Tahoe Basin receives $3.2 million from Prop 68 for restoration
Last month Proposition 68 was approved by 56 percent of California voters, authorizing the state to borrow $4.1 billion for investments in water conservation projects, land conservation and outdoor recreation.
With more than 60 percent of California’s water supply flowing from the Sierra Nevada, the California Tahoe Conservancy, which heads conservation and restoration projects in the Tahoe Basin, will now receive $27 million under Prop 68.
In addition, $25 million will be allocated to the Sierra Nevada Conservancy to projects related to climate adaptation and resiliency under the Sierra Nevada Watershed Improvement Program, according to the organization’s website.
“This is pretty big,” said Jane Freeman, deputy director of the California Tahoe Conservancy. “Our budget is highly dependent on bonds and initiatives.”
RECREATION & PRESERVATION
While the act is fairly broad with regards to how the money needs to be spent, Freeman said that its main focus is on outdoor recreation and preservation of parks.
“Because this is a parks bond, there is quite a bit of focus on getting people outdoors,” she said.
The conservancy has worked with a number of different agencies in the Tahoe Basin to complete public access projects including local county governments, the U.S. Forest Service and Tahoe Regional Planning Agency. With funding provided by Prop 68 Freeman said the agency can begin planning for other projects starting with restoration on the upper Truckee River Marsh.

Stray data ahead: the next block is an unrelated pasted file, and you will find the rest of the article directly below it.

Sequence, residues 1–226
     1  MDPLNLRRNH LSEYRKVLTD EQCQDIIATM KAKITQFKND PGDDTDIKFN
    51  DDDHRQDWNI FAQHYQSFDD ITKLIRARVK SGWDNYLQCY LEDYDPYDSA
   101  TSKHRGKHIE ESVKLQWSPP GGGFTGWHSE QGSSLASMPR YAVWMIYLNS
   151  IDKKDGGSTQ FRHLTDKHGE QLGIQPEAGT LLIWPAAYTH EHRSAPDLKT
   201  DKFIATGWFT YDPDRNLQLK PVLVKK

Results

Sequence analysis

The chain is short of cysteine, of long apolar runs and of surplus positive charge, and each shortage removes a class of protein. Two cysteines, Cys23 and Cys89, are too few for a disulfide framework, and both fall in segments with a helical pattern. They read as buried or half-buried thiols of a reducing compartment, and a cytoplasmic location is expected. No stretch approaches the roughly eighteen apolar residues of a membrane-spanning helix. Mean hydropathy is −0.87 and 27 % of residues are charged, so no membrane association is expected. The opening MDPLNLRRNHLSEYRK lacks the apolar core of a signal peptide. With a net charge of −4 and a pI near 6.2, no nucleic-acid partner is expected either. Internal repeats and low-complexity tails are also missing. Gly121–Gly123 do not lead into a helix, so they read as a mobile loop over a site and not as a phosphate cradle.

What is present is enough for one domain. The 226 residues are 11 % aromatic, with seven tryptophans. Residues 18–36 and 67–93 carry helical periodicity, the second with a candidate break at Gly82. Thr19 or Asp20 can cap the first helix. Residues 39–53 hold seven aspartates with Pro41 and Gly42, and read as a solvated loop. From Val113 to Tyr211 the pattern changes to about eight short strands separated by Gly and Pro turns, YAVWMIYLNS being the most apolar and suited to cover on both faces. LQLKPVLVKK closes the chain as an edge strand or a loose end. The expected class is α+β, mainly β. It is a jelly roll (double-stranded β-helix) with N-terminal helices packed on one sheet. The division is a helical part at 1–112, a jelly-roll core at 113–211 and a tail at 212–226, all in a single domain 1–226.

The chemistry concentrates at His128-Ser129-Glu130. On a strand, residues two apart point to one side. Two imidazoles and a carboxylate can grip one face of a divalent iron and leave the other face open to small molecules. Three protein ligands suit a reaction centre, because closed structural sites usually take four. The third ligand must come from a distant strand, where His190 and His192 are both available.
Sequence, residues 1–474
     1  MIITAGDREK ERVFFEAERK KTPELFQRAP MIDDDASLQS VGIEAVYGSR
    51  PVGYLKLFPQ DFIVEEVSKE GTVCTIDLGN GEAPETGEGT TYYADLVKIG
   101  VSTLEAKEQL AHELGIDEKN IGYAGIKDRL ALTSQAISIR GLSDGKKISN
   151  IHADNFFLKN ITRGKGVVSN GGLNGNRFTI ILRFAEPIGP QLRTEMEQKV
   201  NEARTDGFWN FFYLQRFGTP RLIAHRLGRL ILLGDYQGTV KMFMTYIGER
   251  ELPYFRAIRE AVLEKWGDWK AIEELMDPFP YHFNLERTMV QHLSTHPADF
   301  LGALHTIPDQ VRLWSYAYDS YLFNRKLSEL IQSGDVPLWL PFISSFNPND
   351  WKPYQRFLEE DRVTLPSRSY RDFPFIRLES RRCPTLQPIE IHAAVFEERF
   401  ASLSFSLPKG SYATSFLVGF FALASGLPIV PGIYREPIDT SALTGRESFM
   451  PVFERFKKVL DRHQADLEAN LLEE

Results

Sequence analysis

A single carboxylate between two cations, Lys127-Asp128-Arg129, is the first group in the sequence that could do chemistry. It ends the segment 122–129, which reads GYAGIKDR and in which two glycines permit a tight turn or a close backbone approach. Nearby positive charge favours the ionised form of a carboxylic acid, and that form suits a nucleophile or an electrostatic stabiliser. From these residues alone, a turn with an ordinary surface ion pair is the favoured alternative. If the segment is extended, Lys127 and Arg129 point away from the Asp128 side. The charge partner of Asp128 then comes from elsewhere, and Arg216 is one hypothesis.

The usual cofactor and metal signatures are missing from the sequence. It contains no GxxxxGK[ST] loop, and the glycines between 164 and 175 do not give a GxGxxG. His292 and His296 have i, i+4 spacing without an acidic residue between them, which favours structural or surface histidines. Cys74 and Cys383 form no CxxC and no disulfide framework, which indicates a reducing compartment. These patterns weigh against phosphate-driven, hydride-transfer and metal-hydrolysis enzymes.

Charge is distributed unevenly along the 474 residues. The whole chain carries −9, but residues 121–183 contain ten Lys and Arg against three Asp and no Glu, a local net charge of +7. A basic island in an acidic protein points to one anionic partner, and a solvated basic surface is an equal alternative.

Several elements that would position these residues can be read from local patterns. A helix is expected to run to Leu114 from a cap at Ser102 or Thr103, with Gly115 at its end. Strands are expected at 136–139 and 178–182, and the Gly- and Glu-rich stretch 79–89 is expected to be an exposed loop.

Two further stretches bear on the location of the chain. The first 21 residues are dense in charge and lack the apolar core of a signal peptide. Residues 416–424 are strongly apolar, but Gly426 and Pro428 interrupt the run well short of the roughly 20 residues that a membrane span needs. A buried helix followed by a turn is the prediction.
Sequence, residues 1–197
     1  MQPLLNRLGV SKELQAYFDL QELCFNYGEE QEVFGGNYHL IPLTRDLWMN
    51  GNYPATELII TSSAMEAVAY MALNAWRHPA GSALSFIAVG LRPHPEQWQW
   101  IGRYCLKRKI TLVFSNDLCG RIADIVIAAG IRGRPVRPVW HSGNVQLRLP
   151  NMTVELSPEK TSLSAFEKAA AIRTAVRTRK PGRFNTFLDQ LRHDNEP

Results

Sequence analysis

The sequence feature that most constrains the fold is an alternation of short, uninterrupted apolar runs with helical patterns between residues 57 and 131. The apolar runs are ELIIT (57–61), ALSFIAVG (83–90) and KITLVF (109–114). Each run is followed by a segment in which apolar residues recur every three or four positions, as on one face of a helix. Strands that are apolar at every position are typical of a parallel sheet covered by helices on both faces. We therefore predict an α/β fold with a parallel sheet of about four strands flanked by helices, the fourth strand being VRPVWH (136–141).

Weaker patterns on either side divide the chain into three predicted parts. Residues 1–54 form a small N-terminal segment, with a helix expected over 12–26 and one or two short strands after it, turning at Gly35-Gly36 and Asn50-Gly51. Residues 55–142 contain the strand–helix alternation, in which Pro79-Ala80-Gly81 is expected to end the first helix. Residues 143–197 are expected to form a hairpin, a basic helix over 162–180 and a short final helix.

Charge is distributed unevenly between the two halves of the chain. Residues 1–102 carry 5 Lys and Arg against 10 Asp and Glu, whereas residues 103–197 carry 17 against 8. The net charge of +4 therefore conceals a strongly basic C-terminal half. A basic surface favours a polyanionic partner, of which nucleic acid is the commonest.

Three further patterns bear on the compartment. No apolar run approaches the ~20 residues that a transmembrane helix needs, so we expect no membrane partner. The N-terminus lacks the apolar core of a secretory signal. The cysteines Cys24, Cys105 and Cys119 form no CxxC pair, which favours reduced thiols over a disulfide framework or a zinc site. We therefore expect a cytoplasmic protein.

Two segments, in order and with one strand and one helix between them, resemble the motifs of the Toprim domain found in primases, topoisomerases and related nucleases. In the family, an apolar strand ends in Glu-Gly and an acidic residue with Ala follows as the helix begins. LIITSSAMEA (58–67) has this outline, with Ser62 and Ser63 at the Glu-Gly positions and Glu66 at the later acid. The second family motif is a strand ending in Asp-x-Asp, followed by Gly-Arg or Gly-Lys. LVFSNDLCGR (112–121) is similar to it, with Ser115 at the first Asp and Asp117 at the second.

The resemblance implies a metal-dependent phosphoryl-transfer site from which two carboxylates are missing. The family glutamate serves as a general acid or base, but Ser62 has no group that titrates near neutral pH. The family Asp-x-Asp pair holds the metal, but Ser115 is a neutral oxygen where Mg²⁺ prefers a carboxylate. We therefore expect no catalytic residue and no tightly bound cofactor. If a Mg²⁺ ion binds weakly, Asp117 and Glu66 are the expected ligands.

Freeman said the California Tahoe Conservancy will be allocating $3.2 million from the proposition to restore 500 acres of floodplain marsh on the upper Truckee River. Planning for the project began in the 1990s and aims to restore natural river processes and water quality, enhance natural aquatic habitats and create public access opportunities for the site.
Construction on the project is expected to start next summer.
In 2014, California Proposition 1 was approved, authorizing $7.12 billion in general obligation bonds for water supply infrastructure projects. Of that the conservancy received $15 million which was used for watershed and sustainability projects. With Prop 68, the organization will be able to focus on a larger variety of outdoor recreation and restoration projects.
WHERE THE MONEY GOES
Prop 68 funding will be provided in three main categories, with about two-thirds going to parks and wildlife, and one-third going towards water conservation and flood protection. According to the Proposition 68 website, the money will be allocated as follows.
$540 million to ensure clean drinking water
$180 million to groundwater cleanup and water recycling
$550 million to flood protection
$367 million to rivers, lakes, and streams protection and restoration
Parks and recreation
$725 million to neighborhood parks in greatest need of restoration
$285 million to safer and cleaner park facilities in cities, counties, and local park districts
$218 million to repair and improve state parks
$95 million to promote recreation and tourism
$765 million for conserving and protecting natural areas
$235 million to protect beaches, oceans and the coast
$140 million for climate change resiliency
Statewide, there are 280 state parks which all have a maintenance backlog estimate at $1.2 billion. In the 1980s, California State Parks began to put off maintenance on basic repair projects such as bathrooms, rooftops, fences and trails due to underfunding of the state park’s budget. With deferred maintenance from the past three decades, some of the measure’s money will go towards reducing that backlog.
In addition to these funds, the Water Supply and Quality Act, scheduled for the Nov. 6 election would supply $100 million to the region.
Hannah Jones is a reporter for the Sierra Sun. She can be reached at 530-550-2652 or firstname.lastname@example.org.